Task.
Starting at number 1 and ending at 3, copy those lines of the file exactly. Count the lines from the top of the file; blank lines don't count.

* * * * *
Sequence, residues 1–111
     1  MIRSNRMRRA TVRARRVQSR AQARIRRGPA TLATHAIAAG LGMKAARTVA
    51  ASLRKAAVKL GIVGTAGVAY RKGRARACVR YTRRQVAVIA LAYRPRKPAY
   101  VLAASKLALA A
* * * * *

Sequence, residues 1–111
     1  MIRSNRMRRA TVRARRVQSR AQARIRRGPA TLATHAIAAG LGMKAARTVA
    51  ASLRKAAVKL GIVGTAGVAY RKGRARACVR YTRRQVAVIA LAYRPRKPAY